I’ve shown up to rent an electric car from Hertz, they told me a had to wait an hour for it to charge.
It was a pain to charge. Since I don’t always rent an electric car, I need to download and register for electric charging stations.
Took the hit, and returned it below the charge I got it at. Rush hour was starting, I couldn’t be driving around looking for a charging station in bumper to bumper traffic.
Maintenance like changing brake pads or oil is not the same thing as a repair. I have no trouble believing that routine maintenance for gasoline cars is higher than routine maintenance for Teslas. But the front of a Tesla has a ton of sensors, cameras and whatnot integrated into a large body panel, so I can easily believe that fixing that after a minor collision would cost more than for many other models.
This is one report that has data comparing repair costs between types of vehicles:
It would be interesting to know whether this is just Tesla, or EVs from car companies as well. Since EVs are mechanically simpler, you’d think they’d be cheaper to maintain, except for battery replacement and perhaps teething troubles.
But Tesla isn’t only new to making EVs, they’re also new to axles, power windows, body panels, wipers and every other part of making a car. And there’s a big difference between making a thing, and making it so it can be efficiently serviced by a local mechanic. My suspicion is that Tesla has focused on getting cars out the door, and the designs are the sort of thing where you have to remove the chassis to replace the dome lights.
It’s obvious the current EV honeymoon is ending anyway, but it would be a real shame if Teslas turn out to be such turkeys in the long run that the momentum for EVs generally is stalled. Hopefully we’re just about past that tipping point.
They dumped Polestars too.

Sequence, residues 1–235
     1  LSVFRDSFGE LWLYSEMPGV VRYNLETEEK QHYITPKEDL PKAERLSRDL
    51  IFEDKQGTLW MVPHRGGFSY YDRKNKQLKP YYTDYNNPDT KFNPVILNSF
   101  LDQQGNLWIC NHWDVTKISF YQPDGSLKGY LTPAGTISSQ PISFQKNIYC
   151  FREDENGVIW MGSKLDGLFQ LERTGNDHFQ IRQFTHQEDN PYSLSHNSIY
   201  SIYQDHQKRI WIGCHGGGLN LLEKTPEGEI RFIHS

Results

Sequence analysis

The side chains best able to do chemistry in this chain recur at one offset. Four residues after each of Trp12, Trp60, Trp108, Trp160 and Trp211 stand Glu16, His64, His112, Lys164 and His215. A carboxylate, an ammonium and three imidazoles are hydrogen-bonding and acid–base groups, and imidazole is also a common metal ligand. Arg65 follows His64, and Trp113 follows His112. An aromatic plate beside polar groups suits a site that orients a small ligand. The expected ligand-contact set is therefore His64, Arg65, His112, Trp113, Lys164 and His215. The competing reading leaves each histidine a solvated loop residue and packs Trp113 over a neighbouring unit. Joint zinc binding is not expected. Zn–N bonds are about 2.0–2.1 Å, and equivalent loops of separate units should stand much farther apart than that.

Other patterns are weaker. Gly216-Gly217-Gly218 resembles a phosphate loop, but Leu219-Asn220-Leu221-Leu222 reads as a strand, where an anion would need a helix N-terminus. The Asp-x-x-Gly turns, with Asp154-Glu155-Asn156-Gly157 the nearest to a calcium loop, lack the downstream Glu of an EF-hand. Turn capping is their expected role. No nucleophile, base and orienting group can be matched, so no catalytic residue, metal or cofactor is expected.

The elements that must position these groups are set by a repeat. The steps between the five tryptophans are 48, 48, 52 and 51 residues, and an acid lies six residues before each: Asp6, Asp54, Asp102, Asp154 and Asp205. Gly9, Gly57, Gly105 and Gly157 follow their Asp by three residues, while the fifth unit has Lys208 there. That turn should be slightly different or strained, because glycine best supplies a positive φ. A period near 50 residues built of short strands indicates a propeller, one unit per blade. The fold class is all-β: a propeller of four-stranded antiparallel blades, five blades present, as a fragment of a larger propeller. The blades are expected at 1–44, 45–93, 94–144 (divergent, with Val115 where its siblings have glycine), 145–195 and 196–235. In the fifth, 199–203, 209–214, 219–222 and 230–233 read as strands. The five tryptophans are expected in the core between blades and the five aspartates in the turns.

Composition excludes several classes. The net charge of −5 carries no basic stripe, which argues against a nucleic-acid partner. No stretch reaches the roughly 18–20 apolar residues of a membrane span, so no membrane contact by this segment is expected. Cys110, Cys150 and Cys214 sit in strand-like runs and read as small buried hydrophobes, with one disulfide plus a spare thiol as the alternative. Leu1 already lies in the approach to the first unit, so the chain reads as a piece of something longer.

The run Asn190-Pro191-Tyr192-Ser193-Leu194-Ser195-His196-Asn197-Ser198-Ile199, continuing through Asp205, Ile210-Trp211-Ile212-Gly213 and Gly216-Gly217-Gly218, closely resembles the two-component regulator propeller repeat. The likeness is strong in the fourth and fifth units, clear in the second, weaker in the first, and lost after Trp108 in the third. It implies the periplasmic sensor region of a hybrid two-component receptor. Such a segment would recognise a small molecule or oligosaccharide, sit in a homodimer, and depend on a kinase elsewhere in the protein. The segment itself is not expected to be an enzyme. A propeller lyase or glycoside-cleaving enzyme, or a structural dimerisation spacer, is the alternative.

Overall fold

i was told a few years ago that one reason for insurance premium increases was the ever larger amounts of electronic gubbins stuffed behind them by manufacturers as cars got more and more electronic and there was nowhere left to put them. Any fender bender thus had vastly increased repair costs.
I suspect car design has moved on a bit and electronics are more ‘built in’, but bumpers have long since ceased to be proper bumpers (e.g. as Parisians use them).
It says a lot about the cut-throat car rental market that they need to turn the vehicles around so fast that they don’t even have time to let them top up the charge at the rental office. Or maybe the rental companies can’t even afford to install their own chargers.
I don’t think it is accurate to say that hertz is “dumping” their inventory. 2-3 years is pretty much the life span for a fleet car, ICE or EV.
just that they are apparently not buying new EVs to replace them.
When I flew into Chicago last year the Midway airport’s car rental hub was located outside of the airport in what was basically a multilevel car parking tower. I’m not sure it would be possible to run the necessary power into the tower to supply the individual rental companies their own EV charging station on their level of the tower. There really wasn’t a lot of space around the tower as it took up most of the block. Other than modifying the ground level I don’t see how it would have been possible to charge an EV on site.
Characterize it as you will, but here are two quotes from the Hertz CEO from one of the stories:
So it sure seems like the company is characterizing it as a change in their strategy rather than routine replacement of worn out vehicles.
I am not surprised.